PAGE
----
After the data has been cleaned and appropriately labeled, the workflow moves on to the modelling stage, where data is utilized as input and the model learns from it. The goal of a successful modeling stage is to construct a robust, accurate model capable of making intelligent judgments based on the data – and, crucially, on previously unseen data. Deep learning (neural networks), machine learning (SVM, decision trees, etc.), or a combination of the two can be used in AI models as engineers seek the most accurate, resilient output. Deep learning is a kind of machine learning that trains computers to do what people do instinctively: learn from experience. Machine learning algorithms employ computer methods to “learn” information directly from data, rather than using a preconceived equation as a model. Deep learning is a subset of machine learning that employs neural networks, which have a layered structure. They can be extremely powerful, but they sometimes necessitate massive volumes of data. The decision between machine learning and deep learning is influenced by the data and the challenge at hand.

At this level, regardless of whether you use deep learning (neural networks) or machine learning models (SVM, decision trees, etc.), it’s critical to have access to the numerous AI workflow techniques, such as classification, prediction, and regression. As a starting point or for comparison, you might potentially use a selection of prebuilt models created by the larger community. Starting with existing similar models can greatly jump-start the job. Deep learning is particularly well adapted to image identification, which is vital for solving problems like facial recognition, motion detection, and many advanced driver assistance technologies including autonomous driving, lane detection, pedestrian detection, and autonomous parking.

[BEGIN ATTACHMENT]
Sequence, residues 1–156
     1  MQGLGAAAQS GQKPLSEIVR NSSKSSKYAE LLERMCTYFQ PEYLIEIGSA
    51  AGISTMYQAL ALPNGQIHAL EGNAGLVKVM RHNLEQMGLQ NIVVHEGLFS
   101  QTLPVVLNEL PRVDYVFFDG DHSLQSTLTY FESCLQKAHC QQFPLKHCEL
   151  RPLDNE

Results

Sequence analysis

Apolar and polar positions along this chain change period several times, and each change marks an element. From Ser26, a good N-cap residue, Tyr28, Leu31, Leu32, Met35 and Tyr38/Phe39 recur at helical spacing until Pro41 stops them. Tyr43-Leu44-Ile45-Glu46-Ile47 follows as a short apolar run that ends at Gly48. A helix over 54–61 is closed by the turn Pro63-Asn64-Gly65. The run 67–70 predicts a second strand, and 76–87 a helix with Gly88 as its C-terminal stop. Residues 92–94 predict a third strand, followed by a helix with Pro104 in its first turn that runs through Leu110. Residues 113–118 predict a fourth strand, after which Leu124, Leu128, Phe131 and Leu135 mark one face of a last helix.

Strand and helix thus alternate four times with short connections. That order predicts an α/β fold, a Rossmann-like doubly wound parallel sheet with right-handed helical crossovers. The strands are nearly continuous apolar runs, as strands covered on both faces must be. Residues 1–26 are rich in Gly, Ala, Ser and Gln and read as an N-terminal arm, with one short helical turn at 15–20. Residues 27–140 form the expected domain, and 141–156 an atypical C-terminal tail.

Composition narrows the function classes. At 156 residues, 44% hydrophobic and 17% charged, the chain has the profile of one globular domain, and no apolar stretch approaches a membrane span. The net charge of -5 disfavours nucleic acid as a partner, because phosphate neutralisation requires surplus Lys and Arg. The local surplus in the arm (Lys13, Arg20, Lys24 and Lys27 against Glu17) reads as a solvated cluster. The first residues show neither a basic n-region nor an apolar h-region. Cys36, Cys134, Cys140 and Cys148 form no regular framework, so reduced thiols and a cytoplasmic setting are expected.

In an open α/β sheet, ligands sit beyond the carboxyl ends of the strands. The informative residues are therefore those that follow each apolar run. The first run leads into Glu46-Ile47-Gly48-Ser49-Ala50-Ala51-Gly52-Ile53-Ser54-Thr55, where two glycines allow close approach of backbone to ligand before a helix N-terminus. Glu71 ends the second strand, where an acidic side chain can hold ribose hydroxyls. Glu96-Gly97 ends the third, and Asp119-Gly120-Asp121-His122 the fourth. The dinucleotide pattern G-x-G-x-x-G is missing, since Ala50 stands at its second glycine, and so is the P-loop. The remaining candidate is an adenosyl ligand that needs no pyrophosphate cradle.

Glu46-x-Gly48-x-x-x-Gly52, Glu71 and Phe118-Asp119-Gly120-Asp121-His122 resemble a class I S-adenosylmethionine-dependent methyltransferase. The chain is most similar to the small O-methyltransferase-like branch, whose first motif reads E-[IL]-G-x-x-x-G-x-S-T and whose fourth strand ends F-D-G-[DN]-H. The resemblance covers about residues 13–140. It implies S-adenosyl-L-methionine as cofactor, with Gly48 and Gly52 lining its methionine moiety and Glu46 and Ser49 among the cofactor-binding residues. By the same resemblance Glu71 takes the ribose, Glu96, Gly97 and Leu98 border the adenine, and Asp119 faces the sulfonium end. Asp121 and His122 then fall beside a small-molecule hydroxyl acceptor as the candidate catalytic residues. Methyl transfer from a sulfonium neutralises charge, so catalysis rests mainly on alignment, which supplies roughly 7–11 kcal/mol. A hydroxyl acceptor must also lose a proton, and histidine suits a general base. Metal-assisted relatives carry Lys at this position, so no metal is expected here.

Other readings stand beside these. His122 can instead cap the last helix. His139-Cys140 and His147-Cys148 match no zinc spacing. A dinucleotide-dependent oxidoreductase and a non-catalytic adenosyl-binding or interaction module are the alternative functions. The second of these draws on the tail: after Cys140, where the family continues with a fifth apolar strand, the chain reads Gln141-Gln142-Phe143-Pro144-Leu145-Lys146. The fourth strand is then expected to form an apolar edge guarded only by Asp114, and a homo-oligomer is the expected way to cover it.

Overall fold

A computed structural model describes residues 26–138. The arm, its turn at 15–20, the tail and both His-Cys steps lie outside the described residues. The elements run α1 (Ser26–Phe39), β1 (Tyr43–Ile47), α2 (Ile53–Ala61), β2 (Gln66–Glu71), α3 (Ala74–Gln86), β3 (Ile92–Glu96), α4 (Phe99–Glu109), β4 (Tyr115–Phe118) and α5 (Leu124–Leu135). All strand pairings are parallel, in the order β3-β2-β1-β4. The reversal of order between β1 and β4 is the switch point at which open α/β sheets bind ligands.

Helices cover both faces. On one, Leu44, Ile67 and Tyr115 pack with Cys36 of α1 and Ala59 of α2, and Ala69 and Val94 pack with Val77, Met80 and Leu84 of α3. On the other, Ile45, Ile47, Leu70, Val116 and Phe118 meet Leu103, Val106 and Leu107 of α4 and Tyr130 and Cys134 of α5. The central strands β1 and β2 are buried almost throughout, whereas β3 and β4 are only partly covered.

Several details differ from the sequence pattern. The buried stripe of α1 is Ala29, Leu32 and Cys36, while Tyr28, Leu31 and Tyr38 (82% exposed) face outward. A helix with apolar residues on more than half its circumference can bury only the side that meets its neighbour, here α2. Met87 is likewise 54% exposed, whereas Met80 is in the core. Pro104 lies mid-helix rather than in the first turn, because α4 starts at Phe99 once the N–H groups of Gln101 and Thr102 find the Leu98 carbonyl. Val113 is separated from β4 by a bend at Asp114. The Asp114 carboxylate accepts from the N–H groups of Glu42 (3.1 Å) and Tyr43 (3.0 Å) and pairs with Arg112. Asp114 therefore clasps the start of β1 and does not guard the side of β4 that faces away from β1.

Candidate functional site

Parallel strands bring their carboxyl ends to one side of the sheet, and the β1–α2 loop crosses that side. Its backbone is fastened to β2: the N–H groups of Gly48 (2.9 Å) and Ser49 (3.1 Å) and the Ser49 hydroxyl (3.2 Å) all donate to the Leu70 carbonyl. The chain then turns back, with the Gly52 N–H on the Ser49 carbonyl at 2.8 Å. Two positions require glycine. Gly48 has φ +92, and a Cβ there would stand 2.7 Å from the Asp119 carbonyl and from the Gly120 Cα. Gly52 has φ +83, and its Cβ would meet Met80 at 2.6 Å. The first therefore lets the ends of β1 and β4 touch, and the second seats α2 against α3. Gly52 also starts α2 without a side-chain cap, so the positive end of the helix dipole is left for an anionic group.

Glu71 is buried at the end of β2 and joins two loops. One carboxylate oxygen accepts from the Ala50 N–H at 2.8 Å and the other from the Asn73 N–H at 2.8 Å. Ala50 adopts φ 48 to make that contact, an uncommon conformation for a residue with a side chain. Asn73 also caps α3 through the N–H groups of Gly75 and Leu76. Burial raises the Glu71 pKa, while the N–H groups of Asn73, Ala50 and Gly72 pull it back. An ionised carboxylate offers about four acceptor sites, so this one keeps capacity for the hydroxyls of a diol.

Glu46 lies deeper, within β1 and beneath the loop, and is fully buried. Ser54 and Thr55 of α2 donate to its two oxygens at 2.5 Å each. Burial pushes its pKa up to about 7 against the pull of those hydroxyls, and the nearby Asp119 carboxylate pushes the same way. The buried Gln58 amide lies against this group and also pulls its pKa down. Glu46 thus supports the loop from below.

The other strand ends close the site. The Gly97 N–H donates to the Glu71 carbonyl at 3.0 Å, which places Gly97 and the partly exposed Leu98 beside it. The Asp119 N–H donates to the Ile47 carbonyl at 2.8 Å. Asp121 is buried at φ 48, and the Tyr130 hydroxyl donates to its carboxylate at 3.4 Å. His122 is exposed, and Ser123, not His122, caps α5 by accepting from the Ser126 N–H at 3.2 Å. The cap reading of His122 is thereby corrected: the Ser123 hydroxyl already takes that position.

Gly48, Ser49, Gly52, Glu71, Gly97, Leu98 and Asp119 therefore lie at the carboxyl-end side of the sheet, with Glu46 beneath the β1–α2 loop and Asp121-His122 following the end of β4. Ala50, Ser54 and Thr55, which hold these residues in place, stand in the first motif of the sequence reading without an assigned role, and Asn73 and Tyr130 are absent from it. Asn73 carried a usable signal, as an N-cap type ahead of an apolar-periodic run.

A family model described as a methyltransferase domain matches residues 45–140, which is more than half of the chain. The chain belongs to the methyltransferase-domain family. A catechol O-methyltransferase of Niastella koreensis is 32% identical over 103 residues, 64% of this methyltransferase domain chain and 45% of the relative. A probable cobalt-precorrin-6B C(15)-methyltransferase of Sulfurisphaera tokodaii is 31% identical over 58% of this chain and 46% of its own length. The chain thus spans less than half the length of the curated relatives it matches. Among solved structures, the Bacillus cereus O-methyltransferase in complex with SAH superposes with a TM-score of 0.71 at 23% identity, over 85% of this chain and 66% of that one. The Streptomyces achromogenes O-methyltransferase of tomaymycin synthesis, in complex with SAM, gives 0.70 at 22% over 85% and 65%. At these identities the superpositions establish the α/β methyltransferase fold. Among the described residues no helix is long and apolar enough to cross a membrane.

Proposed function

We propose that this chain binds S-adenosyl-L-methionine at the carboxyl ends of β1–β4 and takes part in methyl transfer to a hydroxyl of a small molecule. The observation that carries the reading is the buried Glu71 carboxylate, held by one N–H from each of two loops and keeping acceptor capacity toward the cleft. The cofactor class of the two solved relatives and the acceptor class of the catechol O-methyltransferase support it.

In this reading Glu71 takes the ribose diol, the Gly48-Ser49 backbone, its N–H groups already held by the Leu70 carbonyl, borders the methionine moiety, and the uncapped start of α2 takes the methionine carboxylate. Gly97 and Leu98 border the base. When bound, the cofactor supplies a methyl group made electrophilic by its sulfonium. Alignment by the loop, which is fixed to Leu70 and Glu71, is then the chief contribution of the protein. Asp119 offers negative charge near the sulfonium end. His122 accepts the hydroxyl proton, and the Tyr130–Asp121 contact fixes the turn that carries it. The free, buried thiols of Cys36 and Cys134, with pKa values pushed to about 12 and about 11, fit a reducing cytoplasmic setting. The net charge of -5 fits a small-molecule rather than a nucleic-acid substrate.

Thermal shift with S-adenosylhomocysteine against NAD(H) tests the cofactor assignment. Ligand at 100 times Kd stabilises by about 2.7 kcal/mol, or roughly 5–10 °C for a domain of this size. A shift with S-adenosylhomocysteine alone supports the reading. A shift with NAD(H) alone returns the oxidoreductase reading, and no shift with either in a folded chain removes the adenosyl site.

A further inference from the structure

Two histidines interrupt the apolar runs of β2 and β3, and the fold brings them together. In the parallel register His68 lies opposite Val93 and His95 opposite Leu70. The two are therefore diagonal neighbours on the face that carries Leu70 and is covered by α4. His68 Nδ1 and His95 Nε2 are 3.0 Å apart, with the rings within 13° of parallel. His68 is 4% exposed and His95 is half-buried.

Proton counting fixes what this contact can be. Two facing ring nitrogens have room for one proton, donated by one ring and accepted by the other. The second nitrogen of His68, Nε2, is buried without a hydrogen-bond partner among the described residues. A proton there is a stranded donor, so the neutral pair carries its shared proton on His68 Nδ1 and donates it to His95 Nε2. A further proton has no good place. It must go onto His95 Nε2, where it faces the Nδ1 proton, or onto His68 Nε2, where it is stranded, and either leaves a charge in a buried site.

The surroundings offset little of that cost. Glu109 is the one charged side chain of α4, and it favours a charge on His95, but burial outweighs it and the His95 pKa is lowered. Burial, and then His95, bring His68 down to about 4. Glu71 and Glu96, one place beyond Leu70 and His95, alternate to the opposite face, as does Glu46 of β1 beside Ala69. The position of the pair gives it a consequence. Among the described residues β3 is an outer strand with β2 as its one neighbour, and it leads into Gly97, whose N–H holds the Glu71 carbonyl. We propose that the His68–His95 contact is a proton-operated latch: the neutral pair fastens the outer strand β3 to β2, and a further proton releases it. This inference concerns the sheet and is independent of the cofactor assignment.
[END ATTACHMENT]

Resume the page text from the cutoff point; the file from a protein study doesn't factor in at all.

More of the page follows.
AI modeling is an iterative stage in the whole workflow, and engineers must keep track of the modifications they make to the model at all times. Tracking changes and recording training iterations is critical since it allows the engineer to explain the factors that result in the most accurate model and reliable outcomes.


Step 3: Simulation and Test

AI models live within a broader system and must interact with all other components. Consider the following scenario: You begin with a perception system for identifying objects (pedestrians, cars, stop signs), but this must also interface with other systems for localization, path planning, controls, and so on. Before deploying a model into the real world, it is critical to validate that the AI model is working properly and that everything works well with other systems.

Trust is earned after you have successfully simulated and tested all of the scenarios you expect the model to encounter and can verify that the model works as expected. We designed Simulink tools to allow engineers to validate that the model works as expected for all predicted use scenarios, avoiding costly redesigns in both money and effort.

Step 4: Deployment

When you are ready to deploy, the following step is to prepare the model in the final language in which it will be implemented. This stage often necessitates design engineers sharing an implementation-ready model that allows them to fit the model into the selected hardware environment.

Engineers will set themselves up for success if they follow these four steps. Using the tools and resources available to them can assist them in navigating what can be a frightening environment.